My research will present Late Roman and Early Byzantine ceramics (4th-7th c.) from the excavations conducted by the Aristotle University of Thessaloniki at the ancient city of Dion in Pieria (Northern Greece). Apart from including an in-depth review of the existing relevant literature, my doctoral thesis will be based on extensive fieldwork involving typological analysis and fabric characterisation of each ware. Greater focus will be put on the long-distance imports, but special attention will be also paid at local and regional wares. Most importantly, the ceramic evidence will be combined with research findings from other field to construct a distribution model and analyse Dion in the contextof other settlements in the region in the context of a holistic approach that will also allow a multilevel comparison of Dion with other contemporary settlements.
The main aim of my PhD project is to use the ceramic evidence in order to investigate the socio-economic profile of Dion in Late Antiquity and to outline the related changes that occurred in the course of this period. One of the project’s basic research questions will be the investigation of the direct and indirect contacts of the city with other long or medium distance regions, along with its place into the trade routes system of Eastern Mediterranean and the Balkans during the period under examination. Through a reconstruction of the networks responsible for the distribution of each ware, an attempt will be made to shed light on whether Dion was the final destination of widely distributed ceramic products or a recipient of such imports from bigger provincial centres via regional commerce. This study will also try to investigate the nature of the economy of the city and the productive activities the population was involved in. Moreover, the information derived from ceramic analysis, combined with the architectural and stratigraphic evidence, will offer a better understanding of the urban identity and civic status of the Late Antique city.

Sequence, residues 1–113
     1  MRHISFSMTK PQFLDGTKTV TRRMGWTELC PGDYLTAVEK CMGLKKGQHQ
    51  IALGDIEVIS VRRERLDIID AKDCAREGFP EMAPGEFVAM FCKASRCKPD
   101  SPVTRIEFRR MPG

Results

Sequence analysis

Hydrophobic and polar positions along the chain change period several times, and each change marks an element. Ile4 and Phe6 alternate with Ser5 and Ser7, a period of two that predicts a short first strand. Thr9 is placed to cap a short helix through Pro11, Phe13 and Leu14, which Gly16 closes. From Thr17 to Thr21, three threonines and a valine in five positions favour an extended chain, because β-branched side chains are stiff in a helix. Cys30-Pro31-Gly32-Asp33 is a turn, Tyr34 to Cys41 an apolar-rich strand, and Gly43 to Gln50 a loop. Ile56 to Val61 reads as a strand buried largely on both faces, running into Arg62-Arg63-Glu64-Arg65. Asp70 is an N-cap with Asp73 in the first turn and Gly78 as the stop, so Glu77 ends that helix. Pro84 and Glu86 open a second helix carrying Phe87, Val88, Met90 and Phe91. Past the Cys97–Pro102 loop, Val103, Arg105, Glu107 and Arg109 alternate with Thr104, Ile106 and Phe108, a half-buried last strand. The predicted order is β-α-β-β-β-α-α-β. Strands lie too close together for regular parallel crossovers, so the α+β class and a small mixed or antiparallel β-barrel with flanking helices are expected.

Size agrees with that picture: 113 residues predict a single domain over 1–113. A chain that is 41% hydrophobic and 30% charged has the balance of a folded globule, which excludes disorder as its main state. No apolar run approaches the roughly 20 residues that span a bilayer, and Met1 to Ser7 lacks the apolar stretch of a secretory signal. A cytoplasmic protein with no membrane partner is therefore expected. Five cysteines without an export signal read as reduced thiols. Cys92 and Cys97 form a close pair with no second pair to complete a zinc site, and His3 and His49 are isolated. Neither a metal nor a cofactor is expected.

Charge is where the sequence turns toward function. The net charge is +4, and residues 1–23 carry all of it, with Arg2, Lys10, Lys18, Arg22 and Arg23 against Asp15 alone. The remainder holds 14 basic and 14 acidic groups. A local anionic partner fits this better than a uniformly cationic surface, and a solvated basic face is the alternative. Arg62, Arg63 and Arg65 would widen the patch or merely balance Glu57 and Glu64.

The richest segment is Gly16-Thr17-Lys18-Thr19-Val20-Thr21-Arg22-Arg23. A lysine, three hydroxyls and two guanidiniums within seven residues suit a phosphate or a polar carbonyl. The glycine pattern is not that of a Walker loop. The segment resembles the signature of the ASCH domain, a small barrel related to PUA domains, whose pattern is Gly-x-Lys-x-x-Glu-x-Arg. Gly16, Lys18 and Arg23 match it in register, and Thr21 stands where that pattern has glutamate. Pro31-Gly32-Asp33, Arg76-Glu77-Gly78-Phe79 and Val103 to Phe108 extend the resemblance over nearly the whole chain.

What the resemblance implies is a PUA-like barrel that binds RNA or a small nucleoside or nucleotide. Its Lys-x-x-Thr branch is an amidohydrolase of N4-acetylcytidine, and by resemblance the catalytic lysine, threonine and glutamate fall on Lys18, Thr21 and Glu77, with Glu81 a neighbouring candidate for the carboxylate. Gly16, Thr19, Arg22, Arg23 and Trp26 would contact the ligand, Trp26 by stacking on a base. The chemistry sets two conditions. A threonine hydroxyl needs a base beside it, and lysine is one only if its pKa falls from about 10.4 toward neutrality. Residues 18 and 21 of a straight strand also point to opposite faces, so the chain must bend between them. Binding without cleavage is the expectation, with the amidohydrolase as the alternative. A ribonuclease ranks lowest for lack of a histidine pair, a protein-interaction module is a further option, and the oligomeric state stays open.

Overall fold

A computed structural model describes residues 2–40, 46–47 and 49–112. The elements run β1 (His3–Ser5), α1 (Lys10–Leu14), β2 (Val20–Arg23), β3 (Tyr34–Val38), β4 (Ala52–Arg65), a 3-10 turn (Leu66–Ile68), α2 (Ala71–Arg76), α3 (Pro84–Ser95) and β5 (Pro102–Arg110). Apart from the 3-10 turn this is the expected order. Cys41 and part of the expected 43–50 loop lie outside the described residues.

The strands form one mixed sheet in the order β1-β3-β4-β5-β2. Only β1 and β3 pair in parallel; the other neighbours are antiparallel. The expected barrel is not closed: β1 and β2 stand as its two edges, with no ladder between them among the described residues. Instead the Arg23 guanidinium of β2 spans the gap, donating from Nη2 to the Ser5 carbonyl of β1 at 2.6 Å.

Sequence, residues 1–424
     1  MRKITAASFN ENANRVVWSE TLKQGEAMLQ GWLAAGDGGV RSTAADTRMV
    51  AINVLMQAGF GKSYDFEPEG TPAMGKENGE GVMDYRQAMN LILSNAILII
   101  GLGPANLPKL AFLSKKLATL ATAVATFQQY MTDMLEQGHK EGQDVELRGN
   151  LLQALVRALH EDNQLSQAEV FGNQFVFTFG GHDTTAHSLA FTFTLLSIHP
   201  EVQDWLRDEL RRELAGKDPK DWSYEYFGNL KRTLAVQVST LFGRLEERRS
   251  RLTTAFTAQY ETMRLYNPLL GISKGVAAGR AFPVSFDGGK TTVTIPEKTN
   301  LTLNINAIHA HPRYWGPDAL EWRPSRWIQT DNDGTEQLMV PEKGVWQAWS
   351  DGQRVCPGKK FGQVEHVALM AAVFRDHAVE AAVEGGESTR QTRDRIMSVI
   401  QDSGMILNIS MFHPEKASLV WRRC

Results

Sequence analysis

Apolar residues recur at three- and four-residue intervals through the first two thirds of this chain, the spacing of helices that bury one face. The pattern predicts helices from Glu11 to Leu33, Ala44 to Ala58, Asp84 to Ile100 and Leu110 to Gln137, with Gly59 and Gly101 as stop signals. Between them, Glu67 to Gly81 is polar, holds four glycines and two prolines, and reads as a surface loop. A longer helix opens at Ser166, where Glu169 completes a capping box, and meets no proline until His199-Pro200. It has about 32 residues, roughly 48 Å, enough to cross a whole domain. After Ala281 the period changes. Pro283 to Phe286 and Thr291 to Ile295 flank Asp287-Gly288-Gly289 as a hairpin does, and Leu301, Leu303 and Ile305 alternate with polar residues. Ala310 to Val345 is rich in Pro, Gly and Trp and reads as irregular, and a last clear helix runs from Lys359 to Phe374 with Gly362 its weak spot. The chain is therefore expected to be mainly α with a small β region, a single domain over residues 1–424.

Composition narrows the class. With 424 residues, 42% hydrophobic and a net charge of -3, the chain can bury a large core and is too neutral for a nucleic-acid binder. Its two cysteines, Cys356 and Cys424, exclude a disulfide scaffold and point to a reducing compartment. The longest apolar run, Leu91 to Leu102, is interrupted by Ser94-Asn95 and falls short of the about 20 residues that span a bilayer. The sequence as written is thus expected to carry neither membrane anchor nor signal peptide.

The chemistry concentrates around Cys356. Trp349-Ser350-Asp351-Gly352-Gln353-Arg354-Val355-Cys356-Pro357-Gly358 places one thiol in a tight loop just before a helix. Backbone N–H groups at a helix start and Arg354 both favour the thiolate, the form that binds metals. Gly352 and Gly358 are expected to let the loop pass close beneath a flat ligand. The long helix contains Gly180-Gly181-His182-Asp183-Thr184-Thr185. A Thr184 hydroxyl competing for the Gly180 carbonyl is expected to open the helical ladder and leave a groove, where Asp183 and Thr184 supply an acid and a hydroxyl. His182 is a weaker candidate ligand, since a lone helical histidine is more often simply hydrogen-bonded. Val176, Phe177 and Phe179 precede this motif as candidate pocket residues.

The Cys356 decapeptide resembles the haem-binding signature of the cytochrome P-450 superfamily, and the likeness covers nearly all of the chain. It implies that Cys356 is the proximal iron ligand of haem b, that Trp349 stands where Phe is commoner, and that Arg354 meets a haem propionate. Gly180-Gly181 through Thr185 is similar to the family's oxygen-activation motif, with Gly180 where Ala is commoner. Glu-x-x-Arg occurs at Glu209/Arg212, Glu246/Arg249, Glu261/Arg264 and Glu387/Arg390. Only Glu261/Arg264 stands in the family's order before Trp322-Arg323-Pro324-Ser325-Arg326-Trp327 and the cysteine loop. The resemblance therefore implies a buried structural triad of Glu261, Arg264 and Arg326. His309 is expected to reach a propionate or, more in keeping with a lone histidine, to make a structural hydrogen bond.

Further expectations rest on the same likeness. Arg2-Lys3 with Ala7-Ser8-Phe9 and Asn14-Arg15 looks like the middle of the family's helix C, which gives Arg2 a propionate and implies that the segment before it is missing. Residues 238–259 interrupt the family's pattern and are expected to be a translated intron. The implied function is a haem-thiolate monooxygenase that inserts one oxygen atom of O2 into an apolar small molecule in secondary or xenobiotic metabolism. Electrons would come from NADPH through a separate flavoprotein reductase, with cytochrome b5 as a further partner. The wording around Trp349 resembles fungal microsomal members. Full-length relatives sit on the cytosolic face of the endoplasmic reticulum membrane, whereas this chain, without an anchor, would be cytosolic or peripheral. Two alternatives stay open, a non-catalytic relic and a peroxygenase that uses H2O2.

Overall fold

Unlike other parts of the country Macedonia and Northern Greece in general have been left out of the scope of modern research on the production and distribution of Late Roman and Early Byzantine pottery, despite the abundance of findings that are considered to be of particular importance. Consequently, this dissertation aims to filla major lacuna in Late Antique studies in Greece, and, hopefully, work as a key step towards putting the above regions at the heart of the ongoing research in Late Antique pottery. In addition, by combining the ceramic evidence with data from other fields, this project constitutes a multispectral approach to one of the major topics of discussion about Late Antiquity — urban life and economy — with no comparative study, regarding the geographical area under examination, having been published yet.